One fifth of children in Europe are living in poverty, according to a new report from an Irish think-tank.
Social Justice Ireland on Monday published Europe After Covid: Reversal or Renewal, which found almost 15.8 million children in the EU-27 are at risk of poverty.
According to the research, child poverty rates were highest in Romania (30.1 per cent), Bulgaria (28.3 per cent), Spain (27.4 per cent), Italy (25.1 per cent) and Luxembourg (23.1 per cent). The child poverty rates were lowest in Hungary, Denmark, and Slovenia, all of which had rates between 9.5 and 10.5 per cent.
The greatest improvements in risk of poverty among children from 2019 to 2020 occurred in Belgium, followed by Sweden and Lithuania.
The greatest disimprovements in risk of poverty among children during the same time period occurred in Ireland, Germany and Austria.
Risk of poverty is defined as people who have an equivalised disposable income below the risk-of-poverty threshold, which is often set at 60 per cent of the national median disposable income.
Childhood severe material deprivation stood at 5.6 per cent in 2020, the report found, meaning almost 6.9 million children in the EU-27 were experiencing a severe lack of resources.
Poverty particularly affects families where parents could not benefit from an extensive education, the report added.
Children were strongly affected by the economic crisis and the rate of poverty or social exclusion they experience continues to be higher than for the general population.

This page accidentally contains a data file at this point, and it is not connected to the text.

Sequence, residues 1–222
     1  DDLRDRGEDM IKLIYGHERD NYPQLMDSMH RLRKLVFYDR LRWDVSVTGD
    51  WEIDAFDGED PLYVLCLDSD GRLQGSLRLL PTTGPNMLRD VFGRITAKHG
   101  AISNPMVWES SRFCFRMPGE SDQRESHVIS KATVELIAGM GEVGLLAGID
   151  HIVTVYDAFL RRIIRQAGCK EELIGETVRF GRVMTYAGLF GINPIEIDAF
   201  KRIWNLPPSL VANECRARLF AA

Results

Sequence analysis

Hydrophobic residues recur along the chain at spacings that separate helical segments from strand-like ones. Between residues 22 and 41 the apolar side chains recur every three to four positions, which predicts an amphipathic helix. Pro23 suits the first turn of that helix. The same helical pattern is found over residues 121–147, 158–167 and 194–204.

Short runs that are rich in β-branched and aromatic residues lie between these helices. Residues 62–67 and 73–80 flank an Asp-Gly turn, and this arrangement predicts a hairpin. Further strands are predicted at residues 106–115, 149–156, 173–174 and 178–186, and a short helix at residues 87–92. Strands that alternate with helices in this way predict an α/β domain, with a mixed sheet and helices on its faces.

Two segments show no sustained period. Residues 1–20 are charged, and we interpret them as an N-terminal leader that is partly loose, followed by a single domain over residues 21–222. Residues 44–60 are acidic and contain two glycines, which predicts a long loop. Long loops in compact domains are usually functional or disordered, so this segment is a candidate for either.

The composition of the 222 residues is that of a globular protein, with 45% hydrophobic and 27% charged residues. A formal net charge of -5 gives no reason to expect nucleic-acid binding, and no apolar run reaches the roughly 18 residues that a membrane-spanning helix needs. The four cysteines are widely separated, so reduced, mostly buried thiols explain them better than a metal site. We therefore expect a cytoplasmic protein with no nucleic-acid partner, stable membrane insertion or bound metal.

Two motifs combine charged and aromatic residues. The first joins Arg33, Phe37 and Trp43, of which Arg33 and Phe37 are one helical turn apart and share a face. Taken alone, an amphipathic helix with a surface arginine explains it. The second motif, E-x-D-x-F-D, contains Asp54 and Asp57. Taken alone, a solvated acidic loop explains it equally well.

Dr Seán Healy, chief executive of Social Justice Ireland, said no child should grow up in poverty in the EU and “we are consistently failing to achieve this outcome”.
“The fact that such very high numbers of children continue year-on-year to experience poverty is a big concern and has long-term consequences for the people and families concerned, as well as for the EU as a whole,” he said.
“Those people were already in a difficult situation before the pandemic and were among the hardest hit. Now they face rising inflation which is further eroding their standard of living. Unlike in 2008, they must be protected if Europe is to achieve a real and lasting social and economic recovery”.
Michelle Murphy, research and policy analyst at the think tank, said that despite improvements in recent years, childhood poverty “remains a pressing problem because of its long-lasting effects”.
“The dangers of ongoing high levels of child poverty, social exclusion and deprivation are very serious. Poverty tends to persist over time and be transmitted across generations, which means that children born into poverty bear a higher risk of poverty in adult life than the average population.
“Access to affordable quality early childhood education and care, along with well-designed work-life balance policies, is key to improving children’s life prospects, while at the same time supporting the labour market participation of their parents, notably mothers. The ability to tackle the challenges of child poverty and youth exclusion will be decisive in Europe’s capacity to guarantee a long-term future to its citizens.”